‘Uber Files’ and ‘Back off BlackRock’ campaign expose ‘pink washing’ as the heart of corporate women’s economic empowerment agenda

4 October 2022

Recent coverage of the Uber Leaks and now cancelled BlackRock and UN Women partnership have further evidenced the contradiction of corporate ‘pink washing’ with International Financial Institution (IFI) commitments to rights-based gender equality. Following outcry from civil society organisations (CSOs), UN Women has put on hold a controversial partnership with BlackRock, the world’s largest investment fund manager.

Nearly 600 CSOs signed a letter in August demanding its termination, citing BlackRock’s history as a “morally bankrupt” institution and major investor in fossil fuels and weapons manufacturers. It highlighted the incompatibility of corporate interests with institutions such as the UN’s mission, noting that “corporations, unlike governments, are accountable to their shareholders with a view to increase profit. This, in many cases, is directly in conflict with the transformation needed to protect people and the planet.”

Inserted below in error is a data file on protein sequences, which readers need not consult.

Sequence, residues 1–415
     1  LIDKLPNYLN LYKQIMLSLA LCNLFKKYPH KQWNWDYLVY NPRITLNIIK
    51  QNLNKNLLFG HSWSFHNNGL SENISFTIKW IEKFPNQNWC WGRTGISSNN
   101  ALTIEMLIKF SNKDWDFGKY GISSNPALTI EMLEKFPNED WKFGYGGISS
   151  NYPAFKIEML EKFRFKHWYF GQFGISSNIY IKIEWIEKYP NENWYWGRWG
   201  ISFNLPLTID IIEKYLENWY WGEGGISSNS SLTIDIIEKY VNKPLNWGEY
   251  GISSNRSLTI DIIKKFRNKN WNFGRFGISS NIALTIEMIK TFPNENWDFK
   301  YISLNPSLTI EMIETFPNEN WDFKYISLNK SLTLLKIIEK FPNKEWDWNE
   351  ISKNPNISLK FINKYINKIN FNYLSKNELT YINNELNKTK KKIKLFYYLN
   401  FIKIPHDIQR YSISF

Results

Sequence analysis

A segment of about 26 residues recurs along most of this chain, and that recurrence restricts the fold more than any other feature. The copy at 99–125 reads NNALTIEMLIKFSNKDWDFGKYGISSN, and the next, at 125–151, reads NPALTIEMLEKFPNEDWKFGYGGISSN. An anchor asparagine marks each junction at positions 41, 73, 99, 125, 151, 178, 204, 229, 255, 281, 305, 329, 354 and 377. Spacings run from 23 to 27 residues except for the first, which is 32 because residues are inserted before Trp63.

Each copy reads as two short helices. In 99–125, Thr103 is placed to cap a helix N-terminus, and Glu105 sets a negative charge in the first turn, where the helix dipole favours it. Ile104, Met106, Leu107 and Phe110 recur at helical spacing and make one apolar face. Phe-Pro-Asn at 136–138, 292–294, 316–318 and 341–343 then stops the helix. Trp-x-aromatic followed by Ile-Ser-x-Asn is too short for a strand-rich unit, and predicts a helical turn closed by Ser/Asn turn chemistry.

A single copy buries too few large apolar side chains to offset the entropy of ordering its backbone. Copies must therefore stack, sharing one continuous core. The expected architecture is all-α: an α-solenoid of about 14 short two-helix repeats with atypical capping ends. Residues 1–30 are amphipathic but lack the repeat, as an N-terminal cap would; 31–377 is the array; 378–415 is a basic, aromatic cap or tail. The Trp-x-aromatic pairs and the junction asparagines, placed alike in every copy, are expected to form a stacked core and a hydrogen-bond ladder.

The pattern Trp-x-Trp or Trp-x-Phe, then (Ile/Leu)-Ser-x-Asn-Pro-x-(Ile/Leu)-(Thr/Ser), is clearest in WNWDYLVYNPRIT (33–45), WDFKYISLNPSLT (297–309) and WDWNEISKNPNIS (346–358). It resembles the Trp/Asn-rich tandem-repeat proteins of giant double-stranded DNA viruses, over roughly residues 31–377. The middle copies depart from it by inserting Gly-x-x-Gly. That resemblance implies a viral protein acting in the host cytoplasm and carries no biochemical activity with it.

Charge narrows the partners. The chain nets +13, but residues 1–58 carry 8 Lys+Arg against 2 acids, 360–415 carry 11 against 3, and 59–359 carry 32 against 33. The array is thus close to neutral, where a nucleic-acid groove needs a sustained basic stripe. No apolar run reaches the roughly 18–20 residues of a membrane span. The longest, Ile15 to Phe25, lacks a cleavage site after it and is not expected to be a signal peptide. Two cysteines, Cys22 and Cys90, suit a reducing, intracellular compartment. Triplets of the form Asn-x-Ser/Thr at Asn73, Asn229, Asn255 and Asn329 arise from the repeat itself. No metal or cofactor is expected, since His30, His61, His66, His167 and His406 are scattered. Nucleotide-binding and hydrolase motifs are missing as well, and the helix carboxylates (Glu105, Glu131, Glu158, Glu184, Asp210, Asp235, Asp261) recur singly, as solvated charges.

This case reflects increasingly brazen attempts at corporate capture of development and global governance spheres for ‘pink washing’, allowing corporations to position themselves as empowering women, while undertaking actions that harm them in search of profit. The recently released ‘Uber Files’ is a case in point, with Uber claiming it empowers women, while undermining labour rights (see Observer Summer 2021). This has not stopped the International Finance Corporation (IFC), the World Bank’s private sector arm, from partnering with Uber and touting the gig economy for “empowering women economically.” IFC has also partnered with Coca Cola, Nestle and Nespresso, Moove and Dingyi Venture Capital, with similar intentions. Kate Bedford of the University of Birmingham stressed that “this matters because the World Bank Group is highly influential in international development,” noting that Uber’s partnership with IFC validates its “gender equality credentials and business model”, thus undermining their own credibility and demonstrating that a much clearer understanding and guidance on the harms of green- and pink washing is needed.